KUALA LUMPUR, Oct 8 — The National Pharmaceutical Regulatory Agency (NPRA) today gave blanket approval for all adults to receive a booster dose with Pfizer-BioNTech’s Covid-19 vaccine at least six months after their second jab.
Health director-general Dr Noor Hisham Abdullah’s statement on NPRA’s conditional approval for use of a third dose with the mRNA vaccine on everyone aged 18 and above did not specify whether NPRA gave regulatory approval for heterologous vaccination with the Pfizer booster, meaning whether those who were previously vaccinated with a different vaccine (AstraZeneca-Oxford, Sinovac, or CanSino) could receive a third shot with Pfizer.
“This is the first Covid-19 vaccine approved for booster doses in this country,” Dr Noor Hisham said in a brief statement.
His statement also did not contain any recommendations by NPRA on which groups should get the booster shot.
With the adolescent vaccination programme, on the other hand, NPRA made explicit recommendations that Sinovac be prioritised for teenagers without underlying health conditions and who have allergies or are contraindicated to receive Pfizer.
In response to CodeBlue’s questions on the lack of explicit regulatory approval from the NPRA for heterologous vaccination, the Ministry of Health (MOH) said the Special Committee on Ensuring Access to Covid-19 Vaccine Supply (JKJAV) would discuss the mix-and-match policy next week.
“The manner of how it will be delivered will be discussed as well. The context of this statement is only to inform that PBKD has given conditional approval for Pfizer to be used as a booster dose,” said MOH, referring to the Drug Control Authority (PBKD) that is under the NPRA, adding that NPRA is also part of the JKJAV.
Health Minister Khairy Jamaluddin said last Monday that JKJAV’s technical sub-committee headed by Dr Kalaiarasu Peariasamy has recommended JKJAV to allow heterologous vaccination.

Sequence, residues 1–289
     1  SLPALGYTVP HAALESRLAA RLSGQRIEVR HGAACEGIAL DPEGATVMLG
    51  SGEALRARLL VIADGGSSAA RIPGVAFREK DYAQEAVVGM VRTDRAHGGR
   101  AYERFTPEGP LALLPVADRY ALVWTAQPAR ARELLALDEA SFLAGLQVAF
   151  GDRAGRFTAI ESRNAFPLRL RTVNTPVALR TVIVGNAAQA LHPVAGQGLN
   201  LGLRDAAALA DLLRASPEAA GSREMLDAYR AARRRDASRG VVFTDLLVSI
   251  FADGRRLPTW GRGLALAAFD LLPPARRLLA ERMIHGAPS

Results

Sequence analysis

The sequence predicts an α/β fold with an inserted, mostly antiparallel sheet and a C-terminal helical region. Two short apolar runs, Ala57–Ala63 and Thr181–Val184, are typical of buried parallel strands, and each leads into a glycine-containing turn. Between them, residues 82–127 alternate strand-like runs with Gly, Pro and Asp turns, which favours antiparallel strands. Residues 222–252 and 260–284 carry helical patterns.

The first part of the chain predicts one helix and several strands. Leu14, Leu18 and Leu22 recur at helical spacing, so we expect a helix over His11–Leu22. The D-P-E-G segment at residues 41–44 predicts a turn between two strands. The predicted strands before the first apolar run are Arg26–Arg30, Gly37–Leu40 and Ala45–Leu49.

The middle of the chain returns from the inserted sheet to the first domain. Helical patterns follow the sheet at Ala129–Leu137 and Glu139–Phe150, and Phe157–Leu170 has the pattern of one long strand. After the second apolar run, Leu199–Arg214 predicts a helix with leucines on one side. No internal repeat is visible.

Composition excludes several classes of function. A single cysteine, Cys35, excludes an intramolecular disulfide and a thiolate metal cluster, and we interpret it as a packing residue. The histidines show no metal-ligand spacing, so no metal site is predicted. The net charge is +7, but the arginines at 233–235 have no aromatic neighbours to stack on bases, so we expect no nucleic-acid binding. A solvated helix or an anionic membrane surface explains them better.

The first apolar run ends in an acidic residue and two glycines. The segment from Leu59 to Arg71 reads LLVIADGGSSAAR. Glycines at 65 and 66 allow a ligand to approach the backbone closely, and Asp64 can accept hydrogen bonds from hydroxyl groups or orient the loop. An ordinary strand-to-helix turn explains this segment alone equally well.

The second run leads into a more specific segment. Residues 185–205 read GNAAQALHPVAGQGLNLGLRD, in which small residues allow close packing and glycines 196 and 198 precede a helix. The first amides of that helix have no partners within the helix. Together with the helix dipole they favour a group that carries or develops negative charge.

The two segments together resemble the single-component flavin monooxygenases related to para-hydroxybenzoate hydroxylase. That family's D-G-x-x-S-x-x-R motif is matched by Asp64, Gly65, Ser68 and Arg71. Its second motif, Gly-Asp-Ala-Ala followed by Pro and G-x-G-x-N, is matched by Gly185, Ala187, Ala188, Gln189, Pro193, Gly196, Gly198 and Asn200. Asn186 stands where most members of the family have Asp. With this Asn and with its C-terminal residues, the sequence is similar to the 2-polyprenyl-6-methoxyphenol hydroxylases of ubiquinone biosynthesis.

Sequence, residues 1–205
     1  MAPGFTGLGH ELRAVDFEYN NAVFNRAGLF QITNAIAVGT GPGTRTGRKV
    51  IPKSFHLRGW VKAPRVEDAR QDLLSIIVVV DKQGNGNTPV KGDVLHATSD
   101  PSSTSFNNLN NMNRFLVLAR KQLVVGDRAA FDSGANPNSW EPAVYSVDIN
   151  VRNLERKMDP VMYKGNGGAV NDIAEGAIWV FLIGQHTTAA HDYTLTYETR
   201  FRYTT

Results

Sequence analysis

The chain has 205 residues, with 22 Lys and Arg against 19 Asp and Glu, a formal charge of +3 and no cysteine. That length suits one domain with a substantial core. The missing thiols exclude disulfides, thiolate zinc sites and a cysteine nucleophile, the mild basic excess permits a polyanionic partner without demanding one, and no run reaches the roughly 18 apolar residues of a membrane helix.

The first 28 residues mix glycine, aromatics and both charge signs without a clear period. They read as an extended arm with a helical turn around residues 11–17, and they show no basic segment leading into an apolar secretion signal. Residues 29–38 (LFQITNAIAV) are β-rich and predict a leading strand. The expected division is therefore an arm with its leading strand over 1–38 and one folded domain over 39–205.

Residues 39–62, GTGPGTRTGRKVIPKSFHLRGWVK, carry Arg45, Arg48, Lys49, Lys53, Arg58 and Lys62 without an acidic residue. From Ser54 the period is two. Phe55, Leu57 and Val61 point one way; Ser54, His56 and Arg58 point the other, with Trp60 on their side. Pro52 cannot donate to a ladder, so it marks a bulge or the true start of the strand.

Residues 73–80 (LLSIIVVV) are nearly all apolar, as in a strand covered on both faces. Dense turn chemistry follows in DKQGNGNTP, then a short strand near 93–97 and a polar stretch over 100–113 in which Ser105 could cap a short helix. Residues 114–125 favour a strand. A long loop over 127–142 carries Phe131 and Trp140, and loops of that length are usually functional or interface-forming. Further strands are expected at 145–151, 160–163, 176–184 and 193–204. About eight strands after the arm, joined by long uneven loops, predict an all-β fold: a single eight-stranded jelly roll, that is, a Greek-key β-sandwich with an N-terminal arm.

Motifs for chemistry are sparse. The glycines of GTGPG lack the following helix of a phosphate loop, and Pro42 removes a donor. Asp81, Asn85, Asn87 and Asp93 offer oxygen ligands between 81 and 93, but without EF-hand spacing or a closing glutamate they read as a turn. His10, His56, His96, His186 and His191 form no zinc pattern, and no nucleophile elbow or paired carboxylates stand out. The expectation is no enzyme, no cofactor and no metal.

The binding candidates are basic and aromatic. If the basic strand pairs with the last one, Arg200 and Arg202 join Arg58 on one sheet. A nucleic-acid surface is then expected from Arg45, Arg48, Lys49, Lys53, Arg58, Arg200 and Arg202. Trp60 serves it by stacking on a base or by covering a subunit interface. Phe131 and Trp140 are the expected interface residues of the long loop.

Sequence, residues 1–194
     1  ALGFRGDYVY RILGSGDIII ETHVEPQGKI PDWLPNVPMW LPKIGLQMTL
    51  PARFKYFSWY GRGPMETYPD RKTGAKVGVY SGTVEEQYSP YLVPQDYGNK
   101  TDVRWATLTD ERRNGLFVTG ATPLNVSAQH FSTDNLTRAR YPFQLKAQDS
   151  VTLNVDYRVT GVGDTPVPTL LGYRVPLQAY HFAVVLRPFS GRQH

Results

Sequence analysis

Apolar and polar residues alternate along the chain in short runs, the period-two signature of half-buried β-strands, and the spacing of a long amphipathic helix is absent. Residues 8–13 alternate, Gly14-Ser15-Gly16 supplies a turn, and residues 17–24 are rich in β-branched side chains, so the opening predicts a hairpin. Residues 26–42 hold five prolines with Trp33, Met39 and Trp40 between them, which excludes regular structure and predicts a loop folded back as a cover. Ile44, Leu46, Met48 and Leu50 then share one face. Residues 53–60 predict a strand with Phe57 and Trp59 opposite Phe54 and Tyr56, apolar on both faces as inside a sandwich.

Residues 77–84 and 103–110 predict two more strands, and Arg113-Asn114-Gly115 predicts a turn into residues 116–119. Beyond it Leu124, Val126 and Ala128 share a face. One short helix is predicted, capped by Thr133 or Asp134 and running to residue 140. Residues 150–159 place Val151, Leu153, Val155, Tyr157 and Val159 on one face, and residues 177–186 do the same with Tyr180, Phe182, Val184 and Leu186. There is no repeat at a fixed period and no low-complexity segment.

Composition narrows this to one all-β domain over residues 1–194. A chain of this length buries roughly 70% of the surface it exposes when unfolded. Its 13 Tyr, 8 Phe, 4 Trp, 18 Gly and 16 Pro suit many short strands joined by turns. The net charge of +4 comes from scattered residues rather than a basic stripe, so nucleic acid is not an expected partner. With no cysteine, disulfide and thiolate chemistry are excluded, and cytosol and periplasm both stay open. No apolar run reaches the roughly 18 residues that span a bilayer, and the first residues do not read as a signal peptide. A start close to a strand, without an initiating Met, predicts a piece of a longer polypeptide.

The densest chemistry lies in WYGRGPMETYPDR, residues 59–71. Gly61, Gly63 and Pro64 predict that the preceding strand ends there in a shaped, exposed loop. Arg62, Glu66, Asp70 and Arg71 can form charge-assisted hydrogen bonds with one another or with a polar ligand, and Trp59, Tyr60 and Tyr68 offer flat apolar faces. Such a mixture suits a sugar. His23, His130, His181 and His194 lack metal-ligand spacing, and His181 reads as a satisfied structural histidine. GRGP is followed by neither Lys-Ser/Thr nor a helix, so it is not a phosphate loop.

Khairy said yesterday that booster shots would not be made mandatory, but that the government strongly recommends for high-risk individuals like the elderly, those with comorbidities, frontline health care workers, and people with suppressed immune systems to get a third dose.
National Recovery Council chairman Muhyiddin Yassin said last month that the government has procured sufficient coronavirus vaccines to offer boosters to all adult residents in Malaysia.
Immunologists and virologists previously told CodeBlue that there was no evidence to justify a mass booster vaccination programme, saying that two vaccine doses still gave strong protection against severe disease and death. They said a third dose should only be required for immunocompromised people, such as elderly persons, HIV patients, transplant patients, and cancer patients.
Malaysia’s Recovam real-world study on vaccine efficacy, led by the Institute for Clinical Research, found that double vaccination with Pfizer, AstraZeneca, or Sinovac was highly effective in preventing infection, symptomatic disease, intensive care unit (ICU) admission, and death.